living an unconventional life, one cocktail at a time

Remembering Maggie.

One year ago today, we lost our beloved yellow lab Maggie. It was Easter, and it was only a few short months after we lost our chocolate lab Rambler the previous Thanksgiving. Holidays are rough around here.

I adopted Maggie during my fifth and final year of college. I wanted a puppy; our friends’ farm had a steady supply of roly-poly yellow balls of energy. We picked her out of the litter using a very scientific method: we put all the puppies in the bed of the truck, and the first one that came to me also came home with me.

It was a few days before St. Patrick’s Day and the annual parade extravaganza. Like most new puppy parents, I hadn’t planned ahead and had no place to put a six week old puppy for eight hours. So, I loaded Maggie up in a portable puppy kennel and took her along. She cried in the kennel, so I finally took her out and let her run around the back of the truck. She promptly crawled into someone’s duffel bag and fell asleep.

Maggie was quirky. Whenever someone came to the door, she ran to find something- anything- to grab while she wiggled and whined for attention. When too many people were around, she hid upstairs. She loved to play fetch, like any good labrador retriever, and she loved the water. But not baths.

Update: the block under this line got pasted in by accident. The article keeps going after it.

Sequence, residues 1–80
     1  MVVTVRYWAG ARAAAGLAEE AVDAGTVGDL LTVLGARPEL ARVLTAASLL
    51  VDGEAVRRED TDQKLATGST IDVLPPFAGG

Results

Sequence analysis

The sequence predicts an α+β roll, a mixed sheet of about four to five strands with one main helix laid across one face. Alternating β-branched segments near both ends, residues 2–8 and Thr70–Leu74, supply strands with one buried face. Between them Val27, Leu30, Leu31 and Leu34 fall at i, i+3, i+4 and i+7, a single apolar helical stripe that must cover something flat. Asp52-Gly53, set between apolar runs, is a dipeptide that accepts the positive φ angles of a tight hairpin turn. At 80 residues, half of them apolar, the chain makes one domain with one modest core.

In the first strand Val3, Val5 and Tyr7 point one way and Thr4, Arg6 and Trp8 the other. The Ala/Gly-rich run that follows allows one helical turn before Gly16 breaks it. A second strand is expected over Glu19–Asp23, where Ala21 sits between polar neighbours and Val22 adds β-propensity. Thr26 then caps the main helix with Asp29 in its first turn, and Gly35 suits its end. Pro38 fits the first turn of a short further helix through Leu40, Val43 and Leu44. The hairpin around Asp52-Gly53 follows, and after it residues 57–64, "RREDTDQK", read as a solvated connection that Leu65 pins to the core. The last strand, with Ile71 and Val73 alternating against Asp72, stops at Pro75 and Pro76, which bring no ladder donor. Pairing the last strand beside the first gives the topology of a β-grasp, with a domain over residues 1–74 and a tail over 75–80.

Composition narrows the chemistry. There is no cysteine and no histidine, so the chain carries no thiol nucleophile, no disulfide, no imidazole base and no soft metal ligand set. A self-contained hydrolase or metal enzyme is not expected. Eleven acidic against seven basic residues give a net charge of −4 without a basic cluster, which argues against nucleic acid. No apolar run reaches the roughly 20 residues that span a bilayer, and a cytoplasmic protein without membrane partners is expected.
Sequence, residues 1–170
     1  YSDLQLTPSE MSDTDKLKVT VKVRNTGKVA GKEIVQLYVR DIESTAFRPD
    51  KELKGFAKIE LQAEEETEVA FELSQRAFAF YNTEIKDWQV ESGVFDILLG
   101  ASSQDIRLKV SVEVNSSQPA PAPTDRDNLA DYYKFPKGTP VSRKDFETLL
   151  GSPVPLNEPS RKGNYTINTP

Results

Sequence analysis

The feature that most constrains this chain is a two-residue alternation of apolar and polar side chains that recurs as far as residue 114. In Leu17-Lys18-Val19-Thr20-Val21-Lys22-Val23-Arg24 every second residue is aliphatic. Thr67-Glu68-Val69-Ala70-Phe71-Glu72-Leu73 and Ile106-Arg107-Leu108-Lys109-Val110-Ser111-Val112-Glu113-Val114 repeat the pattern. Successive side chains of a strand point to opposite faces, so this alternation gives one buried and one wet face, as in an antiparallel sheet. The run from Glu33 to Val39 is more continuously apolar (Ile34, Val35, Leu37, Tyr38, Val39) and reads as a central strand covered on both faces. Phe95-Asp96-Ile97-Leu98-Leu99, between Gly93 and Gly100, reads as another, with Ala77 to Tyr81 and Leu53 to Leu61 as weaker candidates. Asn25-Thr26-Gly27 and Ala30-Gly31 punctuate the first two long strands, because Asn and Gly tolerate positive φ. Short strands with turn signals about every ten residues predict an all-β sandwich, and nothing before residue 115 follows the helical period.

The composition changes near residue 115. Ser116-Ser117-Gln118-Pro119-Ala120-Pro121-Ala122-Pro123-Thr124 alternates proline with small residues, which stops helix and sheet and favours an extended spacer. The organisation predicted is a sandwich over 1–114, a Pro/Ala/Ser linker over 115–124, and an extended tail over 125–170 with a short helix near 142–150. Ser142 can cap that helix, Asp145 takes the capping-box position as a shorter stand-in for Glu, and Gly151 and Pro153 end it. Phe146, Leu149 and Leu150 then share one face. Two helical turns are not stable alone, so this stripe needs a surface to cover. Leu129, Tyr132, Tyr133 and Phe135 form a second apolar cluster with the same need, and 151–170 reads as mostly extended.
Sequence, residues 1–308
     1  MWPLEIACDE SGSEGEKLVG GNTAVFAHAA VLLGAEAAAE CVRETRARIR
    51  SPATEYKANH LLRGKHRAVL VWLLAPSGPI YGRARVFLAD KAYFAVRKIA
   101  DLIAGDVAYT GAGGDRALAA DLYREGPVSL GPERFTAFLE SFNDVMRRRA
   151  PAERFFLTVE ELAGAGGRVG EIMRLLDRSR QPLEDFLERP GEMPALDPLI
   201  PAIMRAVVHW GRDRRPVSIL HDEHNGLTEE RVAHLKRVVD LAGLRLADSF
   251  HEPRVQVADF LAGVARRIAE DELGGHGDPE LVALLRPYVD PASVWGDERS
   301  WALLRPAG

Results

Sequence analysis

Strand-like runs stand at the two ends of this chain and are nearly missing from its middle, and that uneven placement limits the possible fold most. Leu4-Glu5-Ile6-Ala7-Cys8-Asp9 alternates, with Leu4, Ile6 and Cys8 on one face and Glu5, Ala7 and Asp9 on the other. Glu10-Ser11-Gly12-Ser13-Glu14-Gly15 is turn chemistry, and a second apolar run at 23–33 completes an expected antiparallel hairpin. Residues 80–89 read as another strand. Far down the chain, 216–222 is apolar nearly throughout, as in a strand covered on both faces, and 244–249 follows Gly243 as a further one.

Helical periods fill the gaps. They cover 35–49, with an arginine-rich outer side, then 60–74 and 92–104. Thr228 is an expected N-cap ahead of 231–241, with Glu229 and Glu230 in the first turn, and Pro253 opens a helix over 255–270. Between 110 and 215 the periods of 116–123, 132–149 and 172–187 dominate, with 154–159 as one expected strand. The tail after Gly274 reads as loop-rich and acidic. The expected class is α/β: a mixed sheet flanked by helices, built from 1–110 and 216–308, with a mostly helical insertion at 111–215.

Maggie was perfectly healthy until one Saturday last year. Her behavior was just strange enough that I took her to the vet, fifteen minutes before their office closed. They kept her for observation that afternoon, and four hours and four hundred dollars later they couldn’t find anything wrong. They sent her home with pain medication and the phone number for an emergency vet in case she got worse.

She got worse. The next day, Easter Sunday, we drove her to the emergency animal hospital. Within five minutes the vet informed us she was bleeding internally from ruptured tumors that we never knew she had, and there was nothing they could do. We made the tough decision for the second time in six months and went home and cried. A lot.

It’s comforting to us that Maggie is buried on the same farm where she was born. I miss her every day.

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